• Marvin Gaye To Be Featured On Postal Stamp For 80th Birthday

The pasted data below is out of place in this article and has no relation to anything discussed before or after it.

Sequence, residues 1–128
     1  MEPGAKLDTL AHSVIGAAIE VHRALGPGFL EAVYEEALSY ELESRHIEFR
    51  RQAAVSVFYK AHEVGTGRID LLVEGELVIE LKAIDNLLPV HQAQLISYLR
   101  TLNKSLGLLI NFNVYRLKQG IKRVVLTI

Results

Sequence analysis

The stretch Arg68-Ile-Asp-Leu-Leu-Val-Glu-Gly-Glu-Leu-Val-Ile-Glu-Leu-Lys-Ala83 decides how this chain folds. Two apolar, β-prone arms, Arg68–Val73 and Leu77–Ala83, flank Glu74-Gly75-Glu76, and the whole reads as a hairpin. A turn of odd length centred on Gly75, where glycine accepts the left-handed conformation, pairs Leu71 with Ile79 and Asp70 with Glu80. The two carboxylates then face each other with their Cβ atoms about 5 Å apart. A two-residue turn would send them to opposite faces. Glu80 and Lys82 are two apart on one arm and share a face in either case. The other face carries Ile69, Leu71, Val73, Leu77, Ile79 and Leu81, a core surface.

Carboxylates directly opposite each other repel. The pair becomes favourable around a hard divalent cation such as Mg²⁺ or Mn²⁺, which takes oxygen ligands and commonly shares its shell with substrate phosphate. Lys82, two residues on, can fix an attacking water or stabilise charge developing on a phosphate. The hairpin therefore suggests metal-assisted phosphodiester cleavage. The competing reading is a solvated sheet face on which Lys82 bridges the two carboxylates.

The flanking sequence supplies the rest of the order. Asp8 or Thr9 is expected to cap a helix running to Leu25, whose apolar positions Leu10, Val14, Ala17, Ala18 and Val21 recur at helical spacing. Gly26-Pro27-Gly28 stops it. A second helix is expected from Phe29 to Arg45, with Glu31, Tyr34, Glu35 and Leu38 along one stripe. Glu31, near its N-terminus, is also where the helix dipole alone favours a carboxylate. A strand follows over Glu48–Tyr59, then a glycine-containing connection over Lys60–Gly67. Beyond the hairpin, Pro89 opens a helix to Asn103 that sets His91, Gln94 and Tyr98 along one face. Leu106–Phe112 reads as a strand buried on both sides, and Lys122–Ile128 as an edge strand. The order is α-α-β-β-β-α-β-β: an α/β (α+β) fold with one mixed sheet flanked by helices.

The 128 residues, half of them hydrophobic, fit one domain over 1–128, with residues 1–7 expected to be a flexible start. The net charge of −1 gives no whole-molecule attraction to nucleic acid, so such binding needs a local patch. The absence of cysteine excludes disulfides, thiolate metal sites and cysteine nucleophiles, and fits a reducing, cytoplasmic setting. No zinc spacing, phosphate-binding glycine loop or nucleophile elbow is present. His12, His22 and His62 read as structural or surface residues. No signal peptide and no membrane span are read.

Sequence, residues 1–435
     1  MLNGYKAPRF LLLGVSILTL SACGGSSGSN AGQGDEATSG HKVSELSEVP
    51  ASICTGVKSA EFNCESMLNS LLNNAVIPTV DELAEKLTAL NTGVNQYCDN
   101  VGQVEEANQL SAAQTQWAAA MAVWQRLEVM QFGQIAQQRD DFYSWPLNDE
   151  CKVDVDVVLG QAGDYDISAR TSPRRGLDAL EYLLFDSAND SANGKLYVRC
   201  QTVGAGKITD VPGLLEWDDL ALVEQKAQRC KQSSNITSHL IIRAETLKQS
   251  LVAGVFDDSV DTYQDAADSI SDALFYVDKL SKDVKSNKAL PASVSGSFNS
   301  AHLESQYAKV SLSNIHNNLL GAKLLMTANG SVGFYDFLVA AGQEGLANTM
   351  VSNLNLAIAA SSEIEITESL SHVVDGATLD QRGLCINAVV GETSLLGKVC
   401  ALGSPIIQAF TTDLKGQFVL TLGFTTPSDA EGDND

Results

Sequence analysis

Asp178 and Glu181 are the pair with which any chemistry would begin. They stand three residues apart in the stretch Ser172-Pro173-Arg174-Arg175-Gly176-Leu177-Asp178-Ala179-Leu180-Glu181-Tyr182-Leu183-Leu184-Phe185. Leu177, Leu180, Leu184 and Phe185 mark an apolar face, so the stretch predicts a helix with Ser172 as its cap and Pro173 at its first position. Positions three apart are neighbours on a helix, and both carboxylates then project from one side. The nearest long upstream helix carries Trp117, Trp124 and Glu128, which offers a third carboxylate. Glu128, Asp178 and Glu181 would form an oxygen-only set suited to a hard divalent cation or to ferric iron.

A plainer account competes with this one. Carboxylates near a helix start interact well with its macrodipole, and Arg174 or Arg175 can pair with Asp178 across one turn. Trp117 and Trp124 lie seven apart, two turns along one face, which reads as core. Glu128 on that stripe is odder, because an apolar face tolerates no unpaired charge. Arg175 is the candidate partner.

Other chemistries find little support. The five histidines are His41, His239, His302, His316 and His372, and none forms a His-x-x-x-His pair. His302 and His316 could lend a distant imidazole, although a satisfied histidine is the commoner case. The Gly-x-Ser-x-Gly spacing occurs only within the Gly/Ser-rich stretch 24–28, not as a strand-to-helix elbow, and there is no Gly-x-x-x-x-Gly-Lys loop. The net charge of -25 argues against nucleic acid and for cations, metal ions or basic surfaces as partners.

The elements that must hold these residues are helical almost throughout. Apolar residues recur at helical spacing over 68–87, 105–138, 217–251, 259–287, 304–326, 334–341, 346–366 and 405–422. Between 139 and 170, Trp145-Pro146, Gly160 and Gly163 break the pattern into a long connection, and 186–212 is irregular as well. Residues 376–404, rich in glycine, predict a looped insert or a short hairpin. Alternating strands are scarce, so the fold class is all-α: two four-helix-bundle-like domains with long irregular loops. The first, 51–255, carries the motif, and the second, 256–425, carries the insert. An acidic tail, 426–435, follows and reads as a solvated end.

first_imgA smiling illustration of late soul singer Marvin Gaye is now the property of the U.S. Government, kind of. Gaye will be featured on his own stamp as part of the Postal Services’ “Music Icon” series, which was recently announced by the mail organization. The stamp design in tribute to the iconic soul singer will be made available just in time for what would have been his 80th birthday on April 1st.According to CNN, the portrait illustration for the stamp was created by Kadir Nelson, who was also the artist responsible for the album art design on Drake‘s 2013 studio album, Nothing Was The Same. The stamp pain will feature a brief biography on Gaye, in addition to showing an image of a vinyl record peeking out of the sleeve. Other notable music artists featured as part of the company’s “Music Icon” series include Elvis Presley, John Lennon, and Sarah Vaughan.Related: Elvis Presley-Themed Traffic Lights Appear In German Town“With hits like ‘Ain’t Nothing Like the Real Thing’, ‘I Heard It Through the Grapevine’, and ‘Too Busy Thinking About My Baby’, Gaye helped shape the buoyant sound of the Motown record label in the 1960s,” the U.S.P.S. mentioned in a statement about their latest celebrity-themed stamp to go with the recent announcement. “Gaye’s presence and unique sound will live on forever through his music and now through the mail. Send some soul by including the Marvin Gaye stamp on your envelopes.”The Gaye-themed stamp will debut in Los Angeles on April 2nd, although the U.S.P.S. did not reveal any pre-order information as of press time for all you collectors out there.Gaye was recently honored as part of the Motown 60: A GRAMMY Celebration all-star event last month during Grammy week in Los Angeles, where John Legend performed a cover of his 1971 single, “Mercy Mercy Me (The Ecology)”.last_img read more